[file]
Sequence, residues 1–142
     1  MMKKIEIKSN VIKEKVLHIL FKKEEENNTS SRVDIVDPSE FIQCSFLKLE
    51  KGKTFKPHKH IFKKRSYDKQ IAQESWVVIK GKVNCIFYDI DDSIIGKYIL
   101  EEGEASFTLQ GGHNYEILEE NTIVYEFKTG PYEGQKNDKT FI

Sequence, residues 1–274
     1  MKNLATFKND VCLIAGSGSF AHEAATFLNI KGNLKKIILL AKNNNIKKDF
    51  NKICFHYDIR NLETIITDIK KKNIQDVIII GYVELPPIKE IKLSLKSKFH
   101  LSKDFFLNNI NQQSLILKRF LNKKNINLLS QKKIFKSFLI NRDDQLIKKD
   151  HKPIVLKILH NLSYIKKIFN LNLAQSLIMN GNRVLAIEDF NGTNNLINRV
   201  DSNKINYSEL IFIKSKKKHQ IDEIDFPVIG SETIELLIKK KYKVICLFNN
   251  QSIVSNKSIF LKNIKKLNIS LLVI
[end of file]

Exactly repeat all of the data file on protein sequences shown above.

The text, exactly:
Sequence, residues 1–142
     1  MMKKIEIKSN VIKEKVLHIL FKKEEENNTS SRVDIVDPSE FIQCSFLKLE
    51  KGKTFKPHKH IFKKRSYDKQ IAQESWVVIK GKVNCIFYDI DDSIIGKYIL
   101  EEGEASFTLQ GGHNYEILEE NTIVYEFKTG PYEGQKNDKT FI

Sequence, residues 1–274
     1  MKNLATFKND VCLIAGSGSF AHEAATFLNI KGNLKKIILL AKNNNIKKDF
    51  NKICFHYDIR NLETIITDIK KKNIQDVIII GYVELPPIKE IKLSLKSKFH
   101  LSKDFFLNNI NQQSLILKRF LNKKNINLLS QKKIFKSFLI NRDDQLIKKD
   151  HKPIVLKILH NLSYIKKIFN LNLAQSLIMN GNRVLAIEDF NGTNNLINRV
   201  DSNKINYSEL IFIKSKKKHQ IDEIDFPVIG SETIELLIKK KYKVICLFNN
   251  QSIVSNKSIF LKNIKKLNIS LLVI